Microsoft's News of Many Parts

Components shortages crimped Xbox sales, but Redmond's latest numbers and projections were more than enough to buoy investors' spirits

For investors, Microsoft's (MSFT) fiscal second-quarter results inspired equal doses of relief and optimism. Wall Street was bracing for tepid sales of Microsoft's new Xbox 360 game console. The software giant earlier had said it was having difficulty obtaining key components, making it hard to meet demand.

The relief came when Microsoft said sales of the console came in better than the most pessimistic Wall Street expectations. Some saw the software giant selling 1.3 million units, down from as many as 1.8 million before the component shortfall was disclosed (see BW Online, 10/28/05, "Microsoft's Xbox Factor"). In the end, Microsoft sold 1.5 million. Optimism stemmed from Microsoft's upbeat outlook for the rest of the year as it prepares to launch new versions of its two most important products – Windows and Office.


  The quarter itself was fairly unspectacular. Microsoft earned $3.65 billion, a 5.5% gain from a year earlier, on sales of $11.8 billion -- a 9.4% jump. While the earnings number was in line with the Redmond's previous guidance, the sales number came in about $100 million light. Microsoft blamed that shortfall on Xbox 360. It pointed to shortages of a handful of different components.

Microsoft declined to specify which parts caused the problem, but said the challenge was largely the result of launching a hot-selling product to a worldwide audience. "It's not surprising from our perspective," Microsoft Chief Financial Officer Chris Liddell said during a conference call with analysts. More important, he added that the issues were not systemic.

Still, Microsoft backed off earlier projections that it would sell 2.75 million to 3 million consoles in the first 90 days. It trimmed that guidance to 2.5 million units. But the company says it remains on track to sell between 4.5 million and 5.5 million consoles by June 30, the end of its fiscal year.


  The growth engine for Microsoft in the second quarter, as it has been for the last several quarters, was its server software business. Sales from that group jumped 14% to $2.9 billion. The big gain came from Microsoft's SQL Server database software, which launched a new version in the quarter.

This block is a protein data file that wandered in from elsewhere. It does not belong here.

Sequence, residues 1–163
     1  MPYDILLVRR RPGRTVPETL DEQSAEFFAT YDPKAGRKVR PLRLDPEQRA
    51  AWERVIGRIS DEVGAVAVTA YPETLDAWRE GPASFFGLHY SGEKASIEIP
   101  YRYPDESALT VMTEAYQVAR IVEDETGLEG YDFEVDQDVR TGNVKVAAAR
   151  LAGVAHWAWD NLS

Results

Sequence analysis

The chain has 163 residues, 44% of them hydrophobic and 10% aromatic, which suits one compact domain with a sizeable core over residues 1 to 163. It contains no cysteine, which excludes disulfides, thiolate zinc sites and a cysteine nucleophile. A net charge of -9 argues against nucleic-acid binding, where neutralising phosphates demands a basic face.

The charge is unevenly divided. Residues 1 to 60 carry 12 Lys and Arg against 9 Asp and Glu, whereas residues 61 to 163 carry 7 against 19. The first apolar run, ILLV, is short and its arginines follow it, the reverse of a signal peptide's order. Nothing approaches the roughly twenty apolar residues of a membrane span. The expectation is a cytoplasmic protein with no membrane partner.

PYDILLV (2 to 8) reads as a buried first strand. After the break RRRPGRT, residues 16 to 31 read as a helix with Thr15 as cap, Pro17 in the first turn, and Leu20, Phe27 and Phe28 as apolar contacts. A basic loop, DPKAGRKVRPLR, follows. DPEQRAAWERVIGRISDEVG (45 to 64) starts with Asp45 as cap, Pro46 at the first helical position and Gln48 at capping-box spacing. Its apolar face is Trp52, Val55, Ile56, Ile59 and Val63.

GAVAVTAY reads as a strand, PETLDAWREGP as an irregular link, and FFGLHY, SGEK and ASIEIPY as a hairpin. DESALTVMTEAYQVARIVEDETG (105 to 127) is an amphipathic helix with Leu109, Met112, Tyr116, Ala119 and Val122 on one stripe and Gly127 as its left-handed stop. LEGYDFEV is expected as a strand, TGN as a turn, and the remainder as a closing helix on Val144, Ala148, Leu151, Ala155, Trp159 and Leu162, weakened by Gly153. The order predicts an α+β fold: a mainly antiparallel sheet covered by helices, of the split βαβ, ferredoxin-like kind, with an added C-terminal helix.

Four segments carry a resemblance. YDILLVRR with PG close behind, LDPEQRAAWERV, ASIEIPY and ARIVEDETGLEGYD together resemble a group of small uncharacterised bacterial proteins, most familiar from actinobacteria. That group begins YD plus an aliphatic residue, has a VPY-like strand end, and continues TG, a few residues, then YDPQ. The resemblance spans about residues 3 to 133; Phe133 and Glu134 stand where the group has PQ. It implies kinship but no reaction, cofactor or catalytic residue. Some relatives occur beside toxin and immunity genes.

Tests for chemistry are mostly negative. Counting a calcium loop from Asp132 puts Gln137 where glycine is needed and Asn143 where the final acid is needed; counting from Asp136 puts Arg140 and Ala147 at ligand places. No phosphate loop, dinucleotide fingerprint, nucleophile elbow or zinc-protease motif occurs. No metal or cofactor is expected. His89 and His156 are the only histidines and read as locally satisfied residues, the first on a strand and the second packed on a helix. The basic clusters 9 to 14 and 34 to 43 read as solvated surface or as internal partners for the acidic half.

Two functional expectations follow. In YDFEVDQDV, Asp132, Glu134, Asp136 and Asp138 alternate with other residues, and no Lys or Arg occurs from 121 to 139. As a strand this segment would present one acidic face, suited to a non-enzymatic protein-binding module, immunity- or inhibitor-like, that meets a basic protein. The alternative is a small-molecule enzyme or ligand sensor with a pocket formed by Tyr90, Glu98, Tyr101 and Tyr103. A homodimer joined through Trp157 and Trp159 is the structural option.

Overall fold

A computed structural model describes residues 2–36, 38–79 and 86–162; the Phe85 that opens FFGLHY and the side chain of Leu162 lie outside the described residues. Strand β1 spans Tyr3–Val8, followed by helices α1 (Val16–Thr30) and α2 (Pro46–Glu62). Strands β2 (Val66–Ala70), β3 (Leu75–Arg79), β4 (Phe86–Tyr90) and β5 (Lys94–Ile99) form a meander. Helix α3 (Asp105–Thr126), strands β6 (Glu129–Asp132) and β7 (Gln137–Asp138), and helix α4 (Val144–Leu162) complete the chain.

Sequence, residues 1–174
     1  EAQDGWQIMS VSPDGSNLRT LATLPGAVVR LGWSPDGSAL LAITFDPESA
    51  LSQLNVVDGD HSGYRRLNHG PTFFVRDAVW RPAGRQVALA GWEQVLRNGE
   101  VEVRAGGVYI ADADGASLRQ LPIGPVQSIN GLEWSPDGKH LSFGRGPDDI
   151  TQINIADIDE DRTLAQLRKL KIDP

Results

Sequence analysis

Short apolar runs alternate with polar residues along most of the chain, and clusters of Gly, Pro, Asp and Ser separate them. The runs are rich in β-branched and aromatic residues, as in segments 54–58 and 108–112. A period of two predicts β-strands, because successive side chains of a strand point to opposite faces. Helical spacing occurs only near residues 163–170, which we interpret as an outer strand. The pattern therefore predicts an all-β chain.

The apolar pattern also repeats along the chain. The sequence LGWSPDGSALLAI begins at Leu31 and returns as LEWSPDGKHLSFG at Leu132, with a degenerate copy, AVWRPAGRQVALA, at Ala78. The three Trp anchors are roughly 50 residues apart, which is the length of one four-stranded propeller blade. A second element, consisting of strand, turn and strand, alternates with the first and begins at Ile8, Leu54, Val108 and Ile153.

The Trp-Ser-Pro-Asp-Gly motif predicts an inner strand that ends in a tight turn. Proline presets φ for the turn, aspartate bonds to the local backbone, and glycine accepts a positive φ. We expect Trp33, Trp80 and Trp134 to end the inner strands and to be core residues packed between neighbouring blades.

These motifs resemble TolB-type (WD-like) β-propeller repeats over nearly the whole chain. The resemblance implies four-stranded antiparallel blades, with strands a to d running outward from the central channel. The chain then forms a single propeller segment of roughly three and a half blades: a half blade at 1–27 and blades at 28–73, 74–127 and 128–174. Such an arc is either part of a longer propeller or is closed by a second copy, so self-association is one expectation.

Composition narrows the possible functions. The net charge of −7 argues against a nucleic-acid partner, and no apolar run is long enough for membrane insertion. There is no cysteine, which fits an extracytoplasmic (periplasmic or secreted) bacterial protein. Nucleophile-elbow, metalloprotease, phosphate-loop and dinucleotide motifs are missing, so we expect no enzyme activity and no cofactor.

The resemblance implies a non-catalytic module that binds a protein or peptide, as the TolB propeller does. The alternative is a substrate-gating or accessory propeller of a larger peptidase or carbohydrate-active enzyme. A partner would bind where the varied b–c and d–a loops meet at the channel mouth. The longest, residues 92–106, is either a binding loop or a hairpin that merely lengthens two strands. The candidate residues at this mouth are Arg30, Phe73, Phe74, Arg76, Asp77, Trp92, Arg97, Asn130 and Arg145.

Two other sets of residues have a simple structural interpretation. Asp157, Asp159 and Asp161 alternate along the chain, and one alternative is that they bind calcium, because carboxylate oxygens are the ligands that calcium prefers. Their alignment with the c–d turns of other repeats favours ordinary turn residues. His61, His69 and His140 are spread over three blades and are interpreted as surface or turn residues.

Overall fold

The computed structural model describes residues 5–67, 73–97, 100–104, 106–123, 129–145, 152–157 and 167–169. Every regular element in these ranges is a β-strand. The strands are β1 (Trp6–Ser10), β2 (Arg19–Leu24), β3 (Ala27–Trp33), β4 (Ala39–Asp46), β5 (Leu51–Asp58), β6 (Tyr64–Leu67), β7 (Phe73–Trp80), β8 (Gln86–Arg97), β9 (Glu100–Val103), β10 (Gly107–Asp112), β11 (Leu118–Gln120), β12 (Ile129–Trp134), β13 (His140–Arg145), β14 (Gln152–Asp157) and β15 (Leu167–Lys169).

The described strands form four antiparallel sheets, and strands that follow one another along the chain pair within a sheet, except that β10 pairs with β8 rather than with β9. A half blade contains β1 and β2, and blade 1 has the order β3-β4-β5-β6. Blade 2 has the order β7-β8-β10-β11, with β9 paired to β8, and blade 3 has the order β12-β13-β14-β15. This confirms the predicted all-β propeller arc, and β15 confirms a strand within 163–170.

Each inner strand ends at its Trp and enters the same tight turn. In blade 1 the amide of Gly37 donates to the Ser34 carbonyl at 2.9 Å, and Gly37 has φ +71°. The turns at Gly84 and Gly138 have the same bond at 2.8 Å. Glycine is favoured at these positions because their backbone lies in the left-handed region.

The two biggest businesses -- Windows and Office – posted modest growth. The Windows business grew 8% to $3.5 billion, on higher-than expected consumer sales. For the quarter, Microsoft estimates that overall PC sales jumped 14% to 15%. That also buoyed Microsoft's Information Worker unit, where revenue is largely comprised of Office sales. That business gained 5% in the quarter, posting $3 billion in sales.

Liddell remained bullish on Microsoft's other products for the rest of the fiscal year and into fiscal 2007. "We expect overall IT spending to remain healthy for the entire year," Liddell said. For the third quarter, he expects Microsoft sales to climb 13% to 16% from the previous year, with earnings growing 11% to 13% after excluding a one-time legal settlement from the previous year. For the year, sales should increase by 11% to 12%, while earnings will increase 10% to 12%, minus the one-time charge.


  With the promise of consecutive double-digit growth in revenue and earnings, the stock rose in extended trading to $27.10, up a total of 70 cents on the day.

All of this is in advance of the launches of new versions of Windows and Office, expected in the second-half of 2006. "As the year progresses, the stock will build its multiple," says Goldman Sachs analyst Rick Sherlund, who thinks the price could hit $32 over the next year.

Growth in the low-teens may not be the Microsoft of old. But for a mature company, it's enough to get investors anticipating good times ahead.

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